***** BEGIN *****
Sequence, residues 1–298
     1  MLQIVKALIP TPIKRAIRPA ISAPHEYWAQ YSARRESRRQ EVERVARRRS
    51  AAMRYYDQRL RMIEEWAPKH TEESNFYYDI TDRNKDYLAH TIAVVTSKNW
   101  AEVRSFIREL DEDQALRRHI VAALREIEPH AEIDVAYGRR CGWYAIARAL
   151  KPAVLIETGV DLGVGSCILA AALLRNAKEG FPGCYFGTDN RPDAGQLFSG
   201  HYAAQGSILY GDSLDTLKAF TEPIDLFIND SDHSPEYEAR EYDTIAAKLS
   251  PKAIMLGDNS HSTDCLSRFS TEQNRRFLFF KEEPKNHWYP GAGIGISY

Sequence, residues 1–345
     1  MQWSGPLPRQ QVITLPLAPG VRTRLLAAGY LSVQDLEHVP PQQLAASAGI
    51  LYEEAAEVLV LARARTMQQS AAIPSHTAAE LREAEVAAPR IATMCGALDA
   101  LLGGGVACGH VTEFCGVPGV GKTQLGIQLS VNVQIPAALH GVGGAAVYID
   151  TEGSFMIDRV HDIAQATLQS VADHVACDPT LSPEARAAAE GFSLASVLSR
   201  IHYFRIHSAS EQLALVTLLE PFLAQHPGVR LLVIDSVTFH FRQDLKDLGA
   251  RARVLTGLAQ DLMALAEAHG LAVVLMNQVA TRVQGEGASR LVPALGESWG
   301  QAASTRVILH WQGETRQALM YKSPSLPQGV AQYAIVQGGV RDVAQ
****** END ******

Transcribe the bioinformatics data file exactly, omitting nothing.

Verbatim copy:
Sequence, residues 1–298
     1  MLQIVKALIP TPIKRAIRPA ISAPHEYWAQ YSARRESRRQ EVERVARRRS
    51  AAMRYYDQRL RMIEEWAPKH TEESNFYYDI TDRNKDYLAH TIAVVTSKNW
   101  AEVRSFIREL DEDQALRRHI VAALREIEPH AEIDVAYGRR CGWYAIARAL
   151  KPAVLIETGV DLGVGSCILA AALLRNAKEG FPGCYFGTDN RPDAGQLFSG
   201  HYAAQGSILY GDSLDTLKAF TEPIDLFIND SDHSPEYEAR EYDTIAAKLS
   251  PKAIMLGDNS HSTDCLSRFS TEQNRRFLFF KEEPKNHWYP GAGIGISY

Sequence, residues 1–345
     1  MQWSGPLPRQ QVITLPLAPG VRTRLLAAGY LSVQDLEHVP PQQLAASAGI
    51  LYEEAAEVLV LARARTMQQS AAIPSHTAAE LREAEVAAPR IATMCGALDA
   101  LLGGGVACGH VTEFCGVPGV GKTQLGIQLS VNVQIPAALH GVGGAAVYID
   151  TEGSFMIDRV HDIAQATLQS VADHVACDPT LSPEARAAAE GFSLASVLSR
   201  IHYFRIHSAS EQLALVTLLE PFLAQHPGVR LLVIDSVTFH FRQDLKDLGA
   251  RARVLTGLAQ DLMALAEAHG LAVVLMNQVA TRVQGEGASR LVPALGESWG
   301  QAASTRVILH WQGETRQALM YKSPSLPQGV AQYAIVQGGV RDVAQ